|Born||in New York City, New York, USA|
|Died||in Hollywood, Los Angeles, California, USA (heart attack)|
|Birth Name||Jacob Morris Strelitzsky|
|Height||5' 10" (1.78 m)|
Mini Bio (2)
John Stahl was the final executive in charge of Tiffany Pictures (located on the Talisman lot, later owned by Monogram Pictures), once a big fish in the pond of "Poverty Row", which in those days also included Columbia Pictures. With a B-movie history dating back to the silent era and after making 70 talkies, Tiffany imploded in 1932 in the midst of the deepening Depression and ended its days grinding out the "Chimp Comedies" series of shorts, in which chimps "lip-synched"--by means of having them chew bubble gum--to dubbed actors' voices scripted to corny plots. These simian shorts were popular as filler in second-run movie houses until the freakish novelty wore thin. A sad end to a studio once notable for a roster of stars that included Rex Lease, Ken Maynard, Conway Tearle, Bob Steele and Mae Murray.
Stahl moved over to MGM, producing and directing the notable flop Parnell (1937), widely considered the studio's worst effort to date. Despite this, he would continue in the business as a producer and director of some note until his death in 1950.
- IMDb Mini Biography By: jbacks3
John M. Stahl's career was suddenly illuminated, after his death, because of an "accident" by a French film historian, who classified Stahl as a director with a single masterpiece, "Back Street" (1932). A quick review of Stahl's career in search of a possible auteurist analysis revealed a surprising consistency from 1932 onwards. In general, Stahl, like Josef von Sternberg and Douglas Sirk, worked with materials that had little chance of success. Hence critics obsessed with plot, disapproved of his works. However, "Holy Matrimony" was a success, by any criteria; "Parnell" was undoubtedly one of Clark Gable's most prestigious films, in spite of its bad reputation as a disaster. Stahl's forte was sincerity and a vivid visual style. Who can forget Gene Tierney spreading on horseback her father's ashes in "Leave Her to Heaven", or Margaret Sullivan having a love date with her forgetful lover on the second floor of a duplex house, Irene Dunne having a bleak farewell dinner with a Charles Boyer, as a married man beyond reach, or Andrea Leed and her "Letter of Introduction" to Adolphe Menjou? Stahl was bold, without resorting to black humor: he gave a sincere and reverent treatment to "The Keys of the Kingdom" and, in "The Eve of St. Mark", demonstrated a deep understanding of the emotional consequences and implications of two shots, as opposed to intercutting close-ups of two characters; and there were times when he showed a vigorous conception of contrast. Thus, for example, in "Immortal Sergeant" we see Henry Fonda in the desert, with a mental image of Maureen O'Hara coming out of a pool, water falling from her body. It is bold cinema, almost crazy, but always preferable to the relative sanity of discretion.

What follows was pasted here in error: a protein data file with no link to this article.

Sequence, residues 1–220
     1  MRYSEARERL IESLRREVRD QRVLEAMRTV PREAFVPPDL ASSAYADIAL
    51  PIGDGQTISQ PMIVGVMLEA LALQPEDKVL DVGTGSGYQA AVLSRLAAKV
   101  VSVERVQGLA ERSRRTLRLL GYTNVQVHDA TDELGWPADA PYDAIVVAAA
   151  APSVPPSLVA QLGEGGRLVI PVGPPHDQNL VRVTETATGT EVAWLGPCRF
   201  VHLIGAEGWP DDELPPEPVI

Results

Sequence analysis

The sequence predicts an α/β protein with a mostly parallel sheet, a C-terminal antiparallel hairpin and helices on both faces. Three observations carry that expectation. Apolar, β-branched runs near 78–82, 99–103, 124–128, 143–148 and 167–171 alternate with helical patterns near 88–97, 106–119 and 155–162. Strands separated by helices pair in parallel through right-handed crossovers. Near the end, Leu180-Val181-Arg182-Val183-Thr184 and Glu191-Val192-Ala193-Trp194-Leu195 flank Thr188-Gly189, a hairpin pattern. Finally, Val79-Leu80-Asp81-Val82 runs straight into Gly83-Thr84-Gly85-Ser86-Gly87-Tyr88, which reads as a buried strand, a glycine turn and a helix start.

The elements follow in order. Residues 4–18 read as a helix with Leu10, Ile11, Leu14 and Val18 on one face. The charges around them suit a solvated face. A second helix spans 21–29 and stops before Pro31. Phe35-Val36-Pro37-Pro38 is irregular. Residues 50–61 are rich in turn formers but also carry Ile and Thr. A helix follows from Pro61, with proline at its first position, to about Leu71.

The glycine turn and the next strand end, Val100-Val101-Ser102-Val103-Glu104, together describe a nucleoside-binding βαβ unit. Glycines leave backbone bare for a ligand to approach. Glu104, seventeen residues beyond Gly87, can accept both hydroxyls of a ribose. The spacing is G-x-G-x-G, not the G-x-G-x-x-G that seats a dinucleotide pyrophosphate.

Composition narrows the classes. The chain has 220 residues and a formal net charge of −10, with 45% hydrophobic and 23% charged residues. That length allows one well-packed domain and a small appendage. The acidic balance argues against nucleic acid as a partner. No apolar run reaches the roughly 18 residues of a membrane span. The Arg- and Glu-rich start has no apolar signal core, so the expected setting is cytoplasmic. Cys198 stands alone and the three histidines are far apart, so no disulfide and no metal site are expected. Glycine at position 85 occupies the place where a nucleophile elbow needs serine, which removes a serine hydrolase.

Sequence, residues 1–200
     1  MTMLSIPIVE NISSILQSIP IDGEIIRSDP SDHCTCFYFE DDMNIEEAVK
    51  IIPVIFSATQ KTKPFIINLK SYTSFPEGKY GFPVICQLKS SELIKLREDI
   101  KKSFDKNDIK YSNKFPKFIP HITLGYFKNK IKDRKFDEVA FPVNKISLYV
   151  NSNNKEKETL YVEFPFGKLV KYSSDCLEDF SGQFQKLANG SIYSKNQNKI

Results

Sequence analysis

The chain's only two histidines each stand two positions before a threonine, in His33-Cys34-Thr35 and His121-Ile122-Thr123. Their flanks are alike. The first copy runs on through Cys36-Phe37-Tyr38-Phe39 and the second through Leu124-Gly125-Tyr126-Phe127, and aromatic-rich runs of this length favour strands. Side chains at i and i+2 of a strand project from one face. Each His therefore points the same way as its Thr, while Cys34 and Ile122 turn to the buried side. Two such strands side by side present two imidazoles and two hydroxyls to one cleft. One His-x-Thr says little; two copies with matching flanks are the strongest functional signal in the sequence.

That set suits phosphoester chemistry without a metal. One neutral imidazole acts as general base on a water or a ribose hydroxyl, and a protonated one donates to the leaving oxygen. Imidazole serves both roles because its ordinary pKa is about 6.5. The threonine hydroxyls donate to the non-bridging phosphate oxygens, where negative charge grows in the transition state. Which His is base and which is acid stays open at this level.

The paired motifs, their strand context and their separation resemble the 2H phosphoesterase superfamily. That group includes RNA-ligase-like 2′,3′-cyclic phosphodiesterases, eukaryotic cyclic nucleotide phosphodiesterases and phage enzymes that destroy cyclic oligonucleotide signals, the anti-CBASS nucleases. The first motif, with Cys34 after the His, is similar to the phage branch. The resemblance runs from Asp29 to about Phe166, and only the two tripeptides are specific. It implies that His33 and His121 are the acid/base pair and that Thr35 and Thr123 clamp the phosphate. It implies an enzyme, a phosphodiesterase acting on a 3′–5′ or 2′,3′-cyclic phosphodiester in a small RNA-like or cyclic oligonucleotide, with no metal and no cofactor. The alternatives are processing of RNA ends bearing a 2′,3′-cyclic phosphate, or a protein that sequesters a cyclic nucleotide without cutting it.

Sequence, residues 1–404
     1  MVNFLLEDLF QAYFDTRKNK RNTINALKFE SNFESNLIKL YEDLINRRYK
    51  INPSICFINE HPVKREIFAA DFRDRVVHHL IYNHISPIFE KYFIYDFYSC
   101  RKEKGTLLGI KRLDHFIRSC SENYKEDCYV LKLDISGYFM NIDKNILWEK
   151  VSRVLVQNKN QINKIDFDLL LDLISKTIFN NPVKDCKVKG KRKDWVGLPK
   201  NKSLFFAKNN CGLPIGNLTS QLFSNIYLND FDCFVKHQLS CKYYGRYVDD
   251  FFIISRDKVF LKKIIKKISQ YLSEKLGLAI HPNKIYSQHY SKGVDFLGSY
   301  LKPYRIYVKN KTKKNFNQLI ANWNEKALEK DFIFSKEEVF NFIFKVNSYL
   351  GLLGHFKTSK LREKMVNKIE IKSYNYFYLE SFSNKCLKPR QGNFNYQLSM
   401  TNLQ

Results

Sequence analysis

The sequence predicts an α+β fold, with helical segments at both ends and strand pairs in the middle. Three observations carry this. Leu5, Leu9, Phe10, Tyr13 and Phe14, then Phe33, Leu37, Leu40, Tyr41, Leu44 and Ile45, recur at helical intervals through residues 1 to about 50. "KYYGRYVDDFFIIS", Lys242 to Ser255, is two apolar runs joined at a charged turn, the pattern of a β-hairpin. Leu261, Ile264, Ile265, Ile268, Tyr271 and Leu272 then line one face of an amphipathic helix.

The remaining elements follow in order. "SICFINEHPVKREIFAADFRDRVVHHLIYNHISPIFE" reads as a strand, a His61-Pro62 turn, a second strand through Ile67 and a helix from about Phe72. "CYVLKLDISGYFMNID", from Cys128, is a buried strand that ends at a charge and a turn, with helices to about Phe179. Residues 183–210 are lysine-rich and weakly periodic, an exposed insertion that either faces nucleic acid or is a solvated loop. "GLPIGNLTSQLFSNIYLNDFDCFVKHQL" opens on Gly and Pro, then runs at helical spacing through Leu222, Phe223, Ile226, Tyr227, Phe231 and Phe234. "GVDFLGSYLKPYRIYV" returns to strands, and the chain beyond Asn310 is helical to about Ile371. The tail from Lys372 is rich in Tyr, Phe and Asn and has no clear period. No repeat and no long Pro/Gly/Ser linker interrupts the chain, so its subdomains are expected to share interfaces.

- IMDb Mini Biography By: Anonymous
Roxana McGowan (3 November 1931 -
12 January 1950) (his death)
Frances Irene Reels (1914 - 10 November 1926) (her death)
Minnie Goldberg (1907 - ?) (divorced) (1 child)
|Letter of Introduction (1938)||$26,000|